Sports At Large: Do Americans Care About FIFA?
Know how you hear about the launch of a new product or the opening of a big summer blockbuster movie…and your reaction is a big yawn.
That’s largely the feeling from this corner over last week’s news that executives of soccer’s international governing body were arrested on corruption charges.
I guess I’m supposed to be upset or at least concerned that 14 FIFA officials were indicted on charges of bribery, money-laundering and racketeering involving tens of millions of dollars over the past two decades.
And I ought to be perturbed or distressed that FIFA President Sepp Blatter was re-elected in the midst of this unholy mess. But, try as I might, I just can’t work up the requisite consternation. And I can’t even muster the energy to wag a finger at the situation.
For one thing, soccer just isn’t my sport. I appreciate the supreme athleticism it takes to play the game. I also appreciate the notion that, like chess, soccer is a thinking man’s sport. Like a lot of Americans my age, I’ve heard for decades that soccer, or football, as the rest of the world knows it, is the coming thing. And, while it’s certainly made inroads into the nation’s consciousness, for me, and a lot of people I know, soccer is a new flavor at Baskin-Robbins, when all I really want is a scoop or two of vanilla.
And I suspect that a lot of American indifference over soccer is the fact that we really aren’t great at it, or at least our men aren’t.
The U.S. team advanced to the semifinals of the very first World Cup in 1930, and has only reached the quarterfinals once since, in 2002. The American effort has reached the round of 16 in each of the last two Cups, but no further. The women’s team, meanwhile, has had more success, winning the inaugural World Cup in 1991, and repeating eight years later in the famous penalty kick win over China where Brandi Chastain whipped off her shirt revealing her sports bra and a six pack.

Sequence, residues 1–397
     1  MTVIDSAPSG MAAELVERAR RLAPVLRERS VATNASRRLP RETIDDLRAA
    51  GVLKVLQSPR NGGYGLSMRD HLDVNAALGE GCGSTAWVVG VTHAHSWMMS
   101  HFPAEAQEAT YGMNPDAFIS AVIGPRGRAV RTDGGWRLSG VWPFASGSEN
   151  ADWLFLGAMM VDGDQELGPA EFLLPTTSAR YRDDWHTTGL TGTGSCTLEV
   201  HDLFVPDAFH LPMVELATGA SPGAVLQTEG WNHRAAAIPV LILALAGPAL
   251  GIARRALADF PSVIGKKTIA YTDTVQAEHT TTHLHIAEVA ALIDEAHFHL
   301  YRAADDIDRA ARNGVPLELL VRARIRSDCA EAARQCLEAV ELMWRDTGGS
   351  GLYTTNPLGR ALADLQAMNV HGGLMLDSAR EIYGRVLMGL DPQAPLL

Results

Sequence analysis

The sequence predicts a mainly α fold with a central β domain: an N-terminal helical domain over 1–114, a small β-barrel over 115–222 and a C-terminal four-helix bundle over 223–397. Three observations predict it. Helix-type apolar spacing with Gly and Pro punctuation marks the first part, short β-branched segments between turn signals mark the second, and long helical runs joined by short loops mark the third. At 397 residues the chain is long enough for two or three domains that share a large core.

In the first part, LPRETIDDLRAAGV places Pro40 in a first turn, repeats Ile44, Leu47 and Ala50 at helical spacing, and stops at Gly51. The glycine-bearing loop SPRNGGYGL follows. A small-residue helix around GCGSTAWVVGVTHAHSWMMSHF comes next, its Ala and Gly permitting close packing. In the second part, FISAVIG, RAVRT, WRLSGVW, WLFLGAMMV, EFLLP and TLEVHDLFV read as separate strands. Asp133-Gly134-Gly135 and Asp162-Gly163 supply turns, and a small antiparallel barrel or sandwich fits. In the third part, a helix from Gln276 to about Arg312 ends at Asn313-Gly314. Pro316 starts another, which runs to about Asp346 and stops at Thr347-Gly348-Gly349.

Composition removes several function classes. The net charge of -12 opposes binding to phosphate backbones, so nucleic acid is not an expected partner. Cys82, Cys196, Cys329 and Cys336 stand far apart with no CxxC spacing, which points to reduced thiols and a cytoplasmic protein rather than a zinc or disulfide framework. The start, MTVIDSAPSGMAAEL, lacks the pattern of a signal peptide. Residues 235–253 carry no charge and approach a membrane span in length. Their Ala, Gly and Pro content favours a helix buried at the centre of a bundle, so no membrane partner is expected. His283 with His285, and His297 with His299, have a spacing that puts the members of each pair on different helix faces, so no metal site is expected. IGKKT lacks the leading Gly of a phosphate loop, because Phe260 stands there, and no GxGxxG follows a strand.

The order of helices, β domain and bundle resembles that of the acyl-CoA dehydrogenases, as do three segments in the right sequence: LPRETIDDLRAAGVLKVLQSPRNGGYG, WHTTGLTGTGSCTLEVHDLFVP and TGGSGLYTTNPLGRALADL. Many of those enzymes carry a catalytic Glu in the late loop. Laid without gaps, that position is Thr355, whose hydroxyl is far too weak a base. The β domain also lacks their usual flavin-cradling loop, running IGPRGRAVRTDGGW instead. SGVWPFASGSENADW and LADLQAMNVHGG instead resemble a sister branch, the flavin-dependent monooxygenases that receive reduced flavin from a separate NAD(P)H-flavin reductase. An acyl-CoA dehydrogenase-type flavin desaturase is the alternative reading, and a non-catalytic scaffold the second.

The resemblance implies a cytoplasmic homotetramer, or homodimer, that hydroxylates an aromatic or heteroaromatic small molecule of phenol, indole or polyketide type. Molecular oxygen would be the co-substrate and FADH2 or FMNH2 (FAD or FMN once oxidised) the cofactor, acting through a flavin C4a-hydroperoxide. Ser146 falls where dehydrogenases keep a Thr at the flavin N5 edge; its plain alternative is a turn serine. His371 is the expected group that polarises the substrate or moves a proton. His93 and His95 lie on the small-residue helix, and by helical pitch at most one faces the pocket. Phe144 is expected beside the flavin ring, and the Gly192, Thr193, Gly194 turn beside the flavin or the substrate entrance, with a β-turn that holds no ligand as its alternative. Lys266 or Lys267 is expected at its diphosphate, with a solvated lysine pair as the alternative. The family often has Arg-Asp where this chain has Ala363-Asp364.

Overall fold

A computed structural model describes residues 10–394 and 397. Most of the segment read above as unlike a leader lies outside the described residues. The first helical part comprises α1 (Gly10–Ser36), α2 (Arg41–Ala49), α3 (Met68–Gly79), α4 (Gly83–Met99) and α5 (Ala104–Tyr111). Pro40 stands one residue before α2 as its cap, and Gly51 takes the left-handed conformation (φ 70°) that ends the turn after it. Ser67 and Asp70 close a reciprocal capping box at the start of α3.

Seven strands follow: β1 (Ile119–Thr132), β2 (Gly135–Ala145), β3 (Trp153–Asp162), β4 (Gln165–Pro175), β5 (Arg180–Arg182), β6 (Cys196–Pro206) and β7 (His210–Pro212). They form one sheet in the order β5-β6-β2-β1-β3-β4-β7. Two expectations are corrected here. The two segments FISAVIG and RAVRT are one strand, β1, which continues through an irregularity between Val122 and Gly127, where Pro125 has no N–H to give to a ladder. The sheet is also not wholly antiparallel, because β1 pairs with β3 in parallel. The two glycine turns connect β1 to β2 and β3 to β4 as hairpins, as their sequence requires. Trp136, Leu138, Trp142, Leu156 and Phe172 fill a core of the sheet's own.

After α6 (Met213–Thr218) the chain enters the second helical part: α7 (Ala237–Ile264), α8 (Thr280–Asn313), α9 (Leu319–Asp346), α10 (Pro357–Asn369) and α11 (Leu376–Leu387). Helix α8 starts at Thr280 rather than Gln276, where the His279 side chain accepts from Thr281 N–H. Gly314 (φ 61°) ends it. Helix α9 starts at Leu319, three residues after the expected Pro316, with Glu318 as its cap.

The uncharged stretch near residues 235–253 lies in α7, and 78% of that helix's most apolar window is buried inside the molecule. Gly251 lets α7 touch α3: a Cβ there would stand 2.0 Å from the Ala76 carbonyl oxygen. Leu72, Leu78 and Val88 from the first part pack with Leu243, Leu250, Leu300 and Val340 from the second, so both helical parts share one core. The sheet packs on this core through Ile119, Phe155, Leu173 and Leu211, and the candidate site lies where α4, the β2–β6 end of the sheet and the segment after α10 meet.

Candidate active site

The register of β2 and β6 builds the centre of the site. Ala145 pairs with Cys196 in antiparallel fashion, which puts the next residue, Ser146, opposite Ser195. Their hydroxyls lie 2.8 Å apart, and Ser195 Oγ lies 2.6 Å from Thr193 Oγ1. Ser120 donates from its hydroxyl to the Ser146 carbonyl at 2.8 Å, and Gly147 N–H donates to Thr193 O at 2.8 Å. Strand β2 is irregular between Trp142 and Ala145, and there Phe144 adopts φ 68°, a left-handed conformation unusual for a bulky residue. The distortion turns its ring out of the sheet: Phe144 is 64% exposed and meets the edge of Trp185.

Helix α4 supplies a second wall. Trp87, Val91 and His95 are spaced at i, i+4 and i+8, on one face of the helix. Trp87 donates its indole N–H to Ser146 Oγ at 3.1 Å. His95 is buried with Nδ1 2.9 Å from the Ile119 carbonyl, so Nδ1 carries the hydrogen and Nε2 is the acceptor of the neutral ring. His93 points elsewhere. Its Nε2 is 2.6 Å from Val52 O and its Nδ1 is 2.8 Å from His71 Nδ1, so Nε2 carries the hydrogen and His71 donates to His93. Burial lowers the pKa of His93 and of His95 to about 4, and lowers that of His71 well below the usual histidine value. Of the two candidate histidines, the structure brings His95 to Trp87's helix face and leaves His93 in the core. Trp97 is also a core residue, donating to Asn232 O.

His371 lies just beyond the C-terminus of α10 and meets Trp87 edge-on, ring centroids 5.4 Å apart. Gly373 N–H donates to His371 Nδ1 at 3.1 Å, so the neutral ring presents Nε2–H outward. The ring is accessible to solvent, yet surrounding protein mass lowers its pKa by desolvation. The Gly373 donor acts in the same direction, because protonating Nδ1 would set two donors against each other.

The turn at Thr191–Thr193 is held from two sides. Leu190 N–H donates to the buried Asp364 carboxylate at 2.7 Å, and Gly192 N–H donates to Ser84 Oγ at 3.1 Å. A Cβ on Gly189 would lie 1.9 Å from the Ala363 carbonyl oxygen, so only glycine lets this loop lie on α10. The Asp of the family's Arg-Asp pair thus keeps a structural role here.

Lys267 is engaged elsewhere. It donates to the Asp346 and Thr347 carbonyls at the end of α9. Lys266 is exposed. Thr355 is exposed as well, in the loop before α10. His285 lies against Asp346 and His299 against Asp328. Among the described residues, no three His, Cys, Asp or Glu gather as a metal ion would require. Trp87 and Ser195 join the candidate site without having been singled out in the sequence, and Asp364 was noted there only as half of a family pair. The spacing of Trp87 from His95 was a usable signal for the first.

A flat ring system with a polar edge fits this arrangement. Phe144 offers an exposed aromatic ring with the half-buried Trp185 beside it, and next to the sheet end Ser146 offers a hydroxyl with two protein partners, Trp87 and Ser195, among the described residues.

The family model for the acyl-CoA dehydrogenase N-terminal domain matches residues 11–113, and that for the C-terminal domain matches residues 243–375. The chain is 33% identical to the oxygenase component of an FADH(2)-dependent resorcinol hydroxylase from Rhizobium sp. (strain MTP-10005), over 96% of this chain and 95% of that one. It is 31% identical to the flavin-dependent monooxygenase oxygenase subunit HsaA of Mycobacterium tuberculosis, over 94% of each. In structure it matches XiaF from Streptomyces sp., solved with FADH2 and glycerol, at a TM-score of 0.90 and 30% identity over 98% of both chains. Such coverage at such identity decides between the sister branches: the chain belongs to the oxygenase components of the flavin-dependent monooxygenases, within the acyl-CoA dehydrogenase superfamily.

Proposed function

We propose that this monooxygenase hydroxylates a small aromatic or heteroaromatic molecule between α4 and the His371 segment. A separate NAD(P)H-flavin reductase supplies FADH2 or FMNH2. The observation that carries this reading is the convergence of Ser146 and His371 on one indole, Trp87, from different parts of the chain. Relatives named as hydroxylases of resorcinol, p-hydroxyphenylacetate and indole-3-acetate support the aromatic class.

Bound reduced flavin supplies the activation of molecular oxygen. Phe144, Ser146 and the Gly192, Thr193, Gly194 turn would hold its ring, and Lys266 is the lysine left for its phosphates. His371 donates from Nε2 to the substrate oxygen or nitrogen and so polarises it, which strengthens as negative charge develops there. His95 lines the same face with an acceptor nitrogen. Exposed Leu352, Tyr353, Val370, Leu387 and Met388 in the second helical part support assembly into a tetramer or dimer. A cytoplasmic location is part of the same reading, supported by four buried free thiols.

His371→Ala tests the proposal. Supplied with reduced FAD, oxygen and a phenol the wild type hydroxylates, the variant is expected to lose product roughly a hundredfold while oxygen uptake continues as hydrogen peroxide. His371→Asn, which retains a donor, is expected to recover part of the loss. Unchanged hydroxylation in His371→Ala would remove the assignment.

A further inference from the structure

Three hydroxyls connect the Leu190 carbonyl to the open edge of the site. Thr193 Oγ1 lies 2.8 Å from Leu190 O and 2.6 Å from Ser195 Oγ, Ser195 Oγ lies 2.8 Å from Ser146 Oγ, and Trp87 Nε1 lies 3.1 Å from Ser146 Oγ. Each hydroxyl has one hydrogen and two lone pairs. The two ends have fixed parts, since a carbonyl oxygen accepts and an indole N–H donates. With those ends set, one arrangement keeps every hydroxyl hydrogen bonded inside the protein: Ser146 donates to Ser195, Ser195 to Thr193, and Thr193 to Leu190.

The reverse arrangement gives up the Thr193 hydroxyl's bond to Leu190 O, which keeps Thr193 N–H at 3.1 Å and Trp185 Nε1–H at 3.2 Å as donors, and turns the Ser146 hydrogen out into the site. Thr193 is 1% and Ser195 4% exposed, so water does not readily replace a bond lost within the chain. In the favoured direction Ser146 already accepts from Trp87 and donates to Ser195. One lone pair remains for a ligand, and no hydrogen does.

In the 16 years since, the American women have reached the semifinals twice and the championship match four years ago, losing to Japan in penalty kicks, though they have won three straight Olympic gold medals.
This year’s Cup competition will open next month in Canada, and the U.S. women appear to have a chance to reclaim glory. But how would such a win play in light of the mess that has been uncovered in the FIFA scandal?
Corruption and wrongdoing have been alleged throughout FIFA for years. Many believe that favors have been bought and sold in the organization for decades. Even the very decisions on where to play the World Cup have reportedly been up for bids. Yet, Blatter claims ignorance about what has been happening supposedly under his nose. How do you take that and his re-election seriously?
Prince William, who is second in line to the British throne, has urged Blatter and other FIFA leaders to show that they can "represent the interests of fair play and put the sport first."
How much will you care if they do? And more importantly, will you care if they don’t?